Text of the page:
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Collecting Grateful Dead Tapes

We're Living In The Golden Age

This is a great time to be a Deadhead. Finding Grateful Dead tapes is easier than ever. What used to take hours of work can now be accomplished with the click of a mouse button.

Tape Trading The Old Fashioned Way

Mark Mcue's master Grateful Dead tapes. Photo taken by Alex Ford.

Back in the day collecting Grateful Dead tapes was very time consuming. First you had to find someone willing to make copies for you or let you borrow them to do it yourself. Most people were very reluctant to lend out their high quality tapes for fear they would never be seen again. So you had to go buy some blank tapes to give them and then wait for them to find time to dub them for you. If they didn't live nearby you had to use snail-mail to send them out and then patiently wait for them to return. If you didn't know the person you were trading with you just had to have faith that they would actually return them at all.

Fortunately, most Deadheads are kind and honest folks. Many would even make tapes for newbies who had nothing to trade if they just sent them blank tapes and return postage. That's where the term B+P (blanks and postage) comes from, which you'll often hear in tape trading circles.

The actual act of dubbing cassette tapes takes quite a bit of time itself. Most collectors didn't like using the high speed dubbing option found on many tape decks because it could degrade sound quality. So copying a 90 minute tape takes just that - 90 minutes. That's just the first set of a Dead show! So you usually need two tapes minimum, 45 minutes per side. This can become tedious pretty quickly, especially if you're a hardcore taper like many heads that obsessively collected thousands of shows. Quality blank tapes like the Maxell XL-II's preferred by most tapers were not cheap either. So, over time you're talking about a major investment here.

Tape Trading In The New Millenium

The Maxell commonly used for Grateful Dead tapes.

But the growth of personal computers with high speed internet access has changed all that, just as it's changed so many other things in our lives. Our Grateful Dead "tapes" aren't really even tapes anymore. Analog cassette tapes have gone they way of the dinosaurs.

For the 30 year history of the band analog magnetic tape was the primary media used for making concert recordings. So we still call them "Grateful Dead tapes" because that's what we're used to saying even though the term is no longer technically correct. Magnetic tape is rarely used for recording at all anymore, the possible exception being reel to reel decks used in professional recording studios. Nowadays we use digital mediums like CDs, DVDs, lossless FLAC files, and computer hard drives.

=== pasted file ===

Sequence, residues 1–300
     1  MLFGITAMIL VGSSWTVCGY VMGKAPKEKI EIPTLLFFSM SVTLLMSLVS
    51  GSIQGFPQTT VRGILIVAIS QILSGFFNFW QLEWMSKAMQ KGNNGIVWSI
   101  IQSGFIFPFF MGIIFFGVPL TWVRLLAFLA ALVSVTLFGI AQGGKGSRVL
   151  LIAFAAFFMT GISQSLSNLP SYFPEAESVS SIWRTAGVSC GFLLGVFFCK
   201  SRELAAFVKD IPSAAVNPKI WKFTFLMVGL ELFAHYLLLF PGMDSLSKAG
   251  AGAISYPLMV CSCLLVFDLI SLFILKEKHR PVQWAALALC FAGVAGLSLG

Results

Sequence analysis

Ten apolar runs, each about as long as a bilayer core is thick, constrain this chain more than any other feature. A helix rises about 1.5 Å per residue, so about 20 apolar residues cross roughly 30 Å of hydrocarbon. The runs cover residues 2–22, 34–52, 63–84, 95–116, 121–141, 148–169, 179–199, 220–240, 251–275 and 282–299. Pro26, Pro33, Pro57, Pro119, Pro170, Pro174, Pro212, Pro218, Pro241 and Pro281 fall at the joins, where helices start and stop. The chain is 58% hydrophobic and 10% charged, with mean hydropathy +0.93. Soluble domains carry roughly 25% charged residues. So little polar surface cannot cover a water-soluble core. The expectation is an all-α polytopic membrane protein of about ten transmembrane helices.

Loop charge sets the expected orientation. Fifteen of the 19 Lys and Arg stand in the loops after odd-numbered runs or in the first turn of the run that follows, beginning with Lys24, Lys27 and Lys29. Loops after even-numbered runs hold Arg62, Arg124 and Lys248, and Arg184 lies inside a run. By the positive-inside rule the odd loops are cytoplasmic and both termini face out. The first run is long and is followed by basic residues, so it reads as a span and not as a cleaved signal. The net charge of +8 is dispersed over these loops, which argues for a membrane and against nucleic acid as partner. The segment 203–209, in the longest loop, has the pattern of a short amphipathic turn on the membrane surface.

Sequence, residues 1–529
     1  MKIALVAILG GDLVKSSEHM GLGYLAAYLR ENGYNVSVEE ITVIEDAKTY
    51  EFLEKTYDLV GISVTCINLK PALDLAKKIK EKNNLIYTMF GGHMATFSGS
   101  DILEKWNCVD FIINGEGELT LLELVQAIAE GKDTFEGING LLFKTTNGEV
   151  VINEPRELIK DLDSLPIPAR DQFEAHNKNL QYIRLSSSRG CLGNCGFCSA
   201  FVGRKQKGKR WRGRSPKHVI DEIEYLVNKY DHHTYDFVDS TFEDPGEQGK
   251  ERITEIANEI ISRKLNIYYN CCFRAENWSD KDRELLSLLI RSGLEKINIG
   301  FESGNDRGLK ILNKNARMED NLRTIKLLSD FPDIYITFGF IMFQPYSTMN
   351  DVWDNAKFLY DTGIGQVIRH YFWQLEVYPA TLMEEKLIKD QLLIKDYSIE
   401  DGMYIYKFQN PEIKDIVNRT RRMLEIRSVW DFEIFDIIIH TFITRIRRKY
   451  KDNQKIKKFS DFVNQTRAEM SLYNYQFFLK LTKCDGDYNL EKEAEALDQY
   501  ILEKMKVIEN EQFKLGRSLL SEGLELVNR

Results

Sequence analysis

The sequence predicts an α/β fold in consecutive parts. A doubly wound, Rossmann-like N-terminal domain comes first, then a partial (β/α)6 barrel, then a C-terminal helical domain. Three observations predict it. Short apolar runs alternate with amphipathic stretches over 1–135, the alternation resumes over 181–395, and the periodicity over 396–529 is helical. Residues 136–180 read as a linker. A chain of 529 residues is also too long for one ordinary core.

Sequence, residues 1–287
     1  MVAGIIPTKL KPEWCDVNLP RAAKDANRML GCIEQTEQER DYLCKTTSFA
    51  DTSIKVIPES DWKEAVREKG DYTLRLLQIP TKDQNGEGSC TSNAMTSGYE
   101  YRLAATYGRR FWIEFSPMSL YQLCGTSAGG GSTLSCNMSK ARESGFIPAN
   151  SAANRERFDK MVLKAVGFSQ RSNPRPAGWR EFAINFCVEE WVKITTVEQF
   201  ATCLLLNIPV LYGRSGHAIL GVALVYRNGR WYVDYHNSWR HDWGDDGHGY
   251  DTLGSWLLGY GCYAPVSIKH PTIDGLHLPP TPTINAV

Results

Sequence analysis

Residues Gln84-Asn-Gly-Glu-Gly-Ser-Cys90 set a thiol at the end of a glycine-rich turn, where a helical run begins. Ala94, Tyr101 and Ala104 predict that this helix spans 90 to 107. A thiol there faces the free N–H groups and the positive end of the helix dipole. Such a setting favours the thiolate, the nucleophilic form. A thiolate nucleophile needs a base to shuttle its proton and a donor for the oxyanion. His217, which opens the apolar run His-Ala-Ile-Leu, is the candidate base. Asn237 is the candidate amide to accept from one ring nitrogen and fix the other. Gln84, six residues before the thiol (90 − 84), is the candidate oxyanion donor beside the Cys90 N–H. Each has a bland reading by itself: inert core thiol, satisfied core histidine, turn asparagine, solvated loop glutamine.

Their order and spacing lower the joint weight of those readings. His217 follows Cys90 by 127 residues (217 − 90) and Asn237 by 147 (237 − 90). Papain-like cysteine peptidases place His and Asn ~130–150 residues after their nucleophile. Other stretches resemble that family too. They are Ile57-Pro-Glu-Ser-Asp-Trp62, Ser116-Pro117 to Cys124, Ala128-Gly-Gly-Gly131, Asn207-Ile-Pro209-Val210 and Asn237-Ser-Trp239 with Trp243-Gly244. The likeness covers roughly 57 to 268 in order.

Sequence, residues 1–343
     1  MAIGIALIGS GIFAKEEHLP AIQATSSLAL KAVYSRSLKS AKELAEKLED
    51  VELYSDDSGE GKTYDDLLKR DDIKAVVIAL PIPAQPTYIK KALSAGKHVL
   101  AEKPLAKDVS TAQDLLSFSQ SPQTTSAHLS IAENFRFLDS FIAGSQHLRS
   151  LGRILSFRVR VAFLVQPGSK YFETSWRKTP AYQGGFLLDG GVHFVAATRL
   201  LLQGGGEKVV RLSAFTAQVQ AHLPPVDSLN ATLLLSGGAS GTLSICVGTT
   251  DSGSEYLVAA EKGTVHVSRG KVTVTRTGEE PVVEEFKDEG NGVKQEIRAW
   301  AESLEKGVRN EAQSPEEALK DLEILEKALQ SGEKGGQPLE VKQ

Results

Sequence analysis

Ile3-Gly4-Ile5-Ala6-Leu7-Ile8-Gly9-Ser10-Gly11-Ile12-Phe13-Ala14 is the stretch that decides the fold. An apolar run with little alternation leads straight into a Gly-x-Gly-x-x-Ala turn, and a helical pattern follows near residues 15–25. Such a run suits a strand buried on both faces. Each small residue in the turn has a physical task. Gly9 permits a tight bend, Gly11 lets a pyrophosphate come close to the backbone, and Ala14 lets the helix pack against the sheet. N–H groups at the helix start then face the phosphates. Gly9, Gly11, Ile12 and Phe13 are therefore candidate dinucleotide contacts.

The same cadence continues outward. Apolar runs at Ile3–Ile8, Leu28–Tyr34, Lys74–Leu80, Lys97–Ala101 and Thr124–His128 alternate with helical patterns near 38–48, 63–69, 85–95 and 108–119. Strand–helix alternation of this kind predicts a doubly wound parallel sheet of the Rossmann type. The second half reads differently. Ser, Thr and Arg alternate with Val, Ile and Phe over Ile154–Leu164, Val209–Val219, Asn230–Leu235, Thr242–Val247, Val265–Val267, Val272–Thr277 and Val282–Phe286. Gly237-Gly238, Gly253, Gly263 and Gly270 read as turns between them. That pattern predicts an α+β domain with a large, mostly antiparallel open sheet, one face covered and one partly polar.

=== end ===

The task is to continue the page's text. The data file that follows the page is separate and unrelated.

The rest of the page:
It used to take 3 hours to dub a show with cassette tapes and each time you copied a tape it degraded the sound quality. Now we can make a bit-perfect copy of a show in about 15 minutes at 5 minutes per CD! Even better, once the analog master tape has been transferred to computer hard drive, you can do just about whatever you want with it. Like instantly share it with thousands of other people through the use of file sharing programs like bittorrent.

Obviously this has taken Grateful Dead tape trading to a whole new level!

Digital Archiving

Bob Weir in the Grateful Dead tapes vault

The other great thing about transferring tapes to the digital realm and sharing them with people is that it creates a permanent archive of that recording that could theoretically last forever. Cassette tapes physically decompose pretty quickly unless stored in a controlled environment, so eventually all those master recordings will be lost.

If you love this music as much as I do then that's a very disturbing thought.

The master copy (meaning the original recording itself) is the one you want to preserve because every time you copy a tape it degrades the sound quality until it reaches the point where they become unlistenable. So a second generation tape (a copy of a copy) won't sound nearly as good as the master and anything after that will have a lot of hiss.

But digital copies don't degrade in this manner. And if you have that perfect digital copy of the master tape residing on thousands of different computers all over the world, chances are good that the recording will never be completely lost. I don't think the internet is ever going away, unless humans become extinct, and in that case we won't need our Grateful Dead tapes anymore anyway!

Finding Live Grateful Dead Music Online

There are many ways to get your fix of Grateful Dead tunes online. Here's just a few of them:

Master reels for June 1973 in the Grateful Dead tapes vault

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Wolfgang's Vault - Hundreds of Concert Downloads

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